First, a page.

There’s a load of crap circulating around the youth sports world, lies that parents believe which have made the culture of kids’ athletics rather distasteful at times.
Don’t fall for it. If any of these unspoken or spoken lies steers your behavior as a sports parent, call them out for what they are: enemies that distort the real mission of youth sports.
Lies parents believe about youth sports:
1. My kid has to play sports. I did. No, he does not. Your kid is not you.
2. Playing time is what it’s all about. No, it’s about character and teamsmanship and learning to work hard.
3. My kid’s coach is an idiot. Well, he may not be too smart, he may not know the sport as well as you do, and you may not like his philosophy or strategy, but he’s not an idiot. He is giving his time and energy to do something that few parents will step up to do. Give him a break. If you don’t like the way he does things, try volunteering yourself.
4. I have to fight my kid’s battles. You keep that up and you’re going to raise a wimp. Coach him into it.
5. My kid’s gonna play college. Perhaps she is; perhaps she isn’t. For some parents, this is dillusional thinking. For others, it’s planning out your child’s future without consulting him. Perhaps calling it a lie is a bit strong. But suffice to say, many parents need a severe reality check.
6. My kid is the best player on the team. Maybe your child is good. Maybe he’s really good. But whose to say he is the “best”? What is your definition of “best’? Most talented? Best leader? Most unselfish player? Every kid is “the best” at something. You keep dwelling on the fact that your kid is “the best” and you are going to pass on that selfish, arrogant attitude to him.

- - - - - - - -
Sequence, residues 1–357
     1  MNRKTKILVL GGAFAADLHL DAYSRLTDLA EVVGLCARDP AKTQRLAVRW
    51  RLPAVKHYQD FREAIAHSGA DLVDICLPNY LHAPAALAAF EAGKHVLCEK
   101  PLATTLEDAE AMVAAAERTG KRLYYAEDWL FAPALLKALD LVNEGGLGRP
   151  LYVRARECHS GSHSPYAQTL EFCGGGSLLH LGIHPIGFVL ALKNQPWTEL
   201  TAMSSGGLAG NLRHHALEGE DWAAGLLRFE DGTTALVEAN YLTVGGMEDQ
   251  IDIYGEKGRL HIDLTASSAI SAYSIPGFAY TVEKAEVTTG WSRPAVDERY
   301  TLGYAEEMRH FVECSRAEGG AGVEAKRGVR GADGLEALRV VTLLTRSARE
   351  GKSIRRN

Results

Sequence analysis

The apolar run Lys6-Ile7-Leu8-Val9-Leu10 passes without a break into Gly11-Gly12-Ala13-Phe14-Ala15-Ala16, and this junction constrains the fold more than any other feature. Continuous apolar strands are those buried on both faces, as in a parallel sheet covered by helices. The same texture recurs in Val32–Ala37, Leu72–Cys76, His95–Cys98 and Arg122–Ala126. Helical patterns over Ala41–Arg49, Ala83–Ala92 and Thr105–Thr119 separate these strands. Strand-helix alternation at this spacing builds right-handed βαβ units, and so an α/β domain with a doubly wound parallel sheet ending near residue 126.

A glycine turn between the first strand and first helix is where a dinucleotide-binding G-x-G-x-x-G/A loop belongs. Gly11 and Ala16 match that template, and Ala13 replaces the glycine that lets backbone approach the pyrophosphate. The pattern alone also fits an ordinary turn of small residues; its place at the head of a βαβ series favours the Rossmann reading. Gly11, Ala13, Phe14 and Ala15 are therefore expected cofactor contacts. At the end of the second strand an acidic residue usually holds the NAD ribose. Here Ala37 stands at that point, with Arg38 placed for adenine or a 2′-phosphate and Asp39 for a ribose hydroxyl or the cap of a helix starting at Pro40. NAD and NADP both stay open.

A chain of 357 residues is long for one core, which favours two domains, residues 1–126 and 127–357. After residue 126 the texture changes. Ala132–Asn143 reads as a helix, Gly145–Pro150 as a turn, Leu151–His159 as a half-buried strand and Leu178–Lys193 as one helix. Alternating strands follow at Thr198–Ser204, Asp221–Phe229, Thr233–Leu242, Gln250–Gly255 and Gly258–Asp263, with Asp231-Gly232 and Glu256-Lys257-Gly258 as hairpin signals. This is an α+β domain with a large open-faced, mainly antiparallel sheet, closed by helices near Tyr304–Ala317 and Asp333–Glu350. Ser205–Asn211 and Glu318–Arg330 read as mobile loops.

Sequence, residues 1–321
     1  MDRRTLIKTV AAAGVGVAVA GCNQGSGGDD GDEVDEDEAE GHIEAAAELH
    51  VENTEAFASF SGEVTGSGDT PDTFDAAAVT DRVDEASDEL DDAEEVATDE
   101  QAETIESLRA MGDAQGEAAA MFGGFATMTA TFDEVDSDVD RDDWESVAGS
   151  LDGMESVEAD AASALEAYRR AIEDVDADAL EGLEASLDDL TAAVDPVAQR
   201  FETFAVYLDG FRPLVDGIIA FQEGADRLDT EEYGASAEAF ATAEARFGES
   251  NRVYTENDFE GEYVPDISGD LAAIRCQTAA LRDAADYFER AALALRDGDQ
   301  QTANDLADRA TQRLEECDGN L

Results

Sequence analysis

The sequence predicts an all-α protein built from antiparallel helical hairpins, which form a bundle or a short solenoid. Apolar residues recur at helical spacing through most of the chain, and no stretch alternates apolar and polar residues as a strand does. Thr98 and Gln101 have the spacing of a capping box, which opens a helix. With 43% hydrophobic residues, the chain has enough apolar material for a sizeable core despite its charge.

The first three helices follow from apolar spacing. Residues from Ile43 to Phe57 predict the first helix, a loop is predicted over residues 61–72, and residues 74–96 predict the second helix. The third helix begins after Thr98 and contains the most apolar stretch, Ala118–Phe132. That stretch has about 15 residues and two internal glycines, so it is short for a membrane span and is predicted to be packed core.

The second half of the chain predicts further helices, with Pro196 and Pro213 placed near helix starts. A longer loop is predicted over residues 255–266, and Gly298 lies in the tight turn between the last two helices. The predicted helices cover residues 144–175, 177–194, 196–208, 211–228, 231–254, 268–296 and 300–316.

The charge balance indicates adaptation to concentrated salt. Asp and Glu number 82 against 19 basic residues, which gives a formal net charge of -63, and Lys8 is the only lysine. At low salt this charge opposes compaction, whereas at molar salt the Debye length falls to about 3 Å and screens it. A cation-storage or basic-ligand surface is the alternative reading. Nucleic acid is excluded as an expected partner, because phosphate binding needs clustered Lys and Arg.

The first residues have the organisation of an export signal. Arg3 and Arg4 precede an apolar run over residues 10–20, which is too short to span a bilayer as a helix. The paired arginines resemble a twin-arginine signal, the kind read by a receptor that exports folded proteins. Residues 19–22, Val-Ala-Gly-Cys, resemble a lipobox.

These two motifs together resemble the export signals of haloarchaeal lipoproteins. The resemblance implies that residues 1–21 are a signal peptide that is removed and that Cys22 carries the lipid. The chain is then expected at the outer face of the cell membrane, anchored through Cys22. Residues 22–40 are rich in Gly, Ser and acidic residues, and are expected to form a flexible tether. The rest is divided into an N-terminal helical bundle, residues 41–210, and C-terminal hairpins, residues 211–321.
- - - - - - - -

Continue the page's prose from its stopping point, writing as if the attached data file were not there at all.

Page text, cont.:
7. Winning is the most important thing. Oh, it’s important all right. In fact, the older you get in youth sports, the more important it becomes. But the best coaches and parents–the ones that truly care about the development of character in their athletes–are those that know there’s more to sports than winning. And besides, who says you can’t win AND learn character?
8. My kid has to play one sport year-round to stand out in that sport. Most sports experts will tell you that kids who specialize early in one sport will either burn out early or will not become the best they can be. Athletes who cross train and play multiple sports usually end up be better for it. Survey the college and pro athletes and I’m sure you’ll see the trend.
9. My kid has to pay big bucks to play club or travel sports to keep up. Your child may have to play club sports if he wants to play on a school team or in a league in your area that caters to travel players, but your child does not have to play club sports to stay in shape, to play the game, to work hard in the off-season. There are cheaper and easier ways to stay on top of the sport and get game experience. There were a few girls on my daughter’s high school varsity softball team that never bought into that. Maybe they were lucky, or maybe they were just very athletic, but they never played travel ball and still started on a very competitive team.
10. I have to push my child or they won’t be successful in sports. I’ll admit that we do have to give our kids gentle nudges every now an then, but pushy parents are control freaks who feel as if their child’s success is totally their responsibility. Your child has to learn responsibility and letting him be his own “pusher” is a great way for him to learn that.
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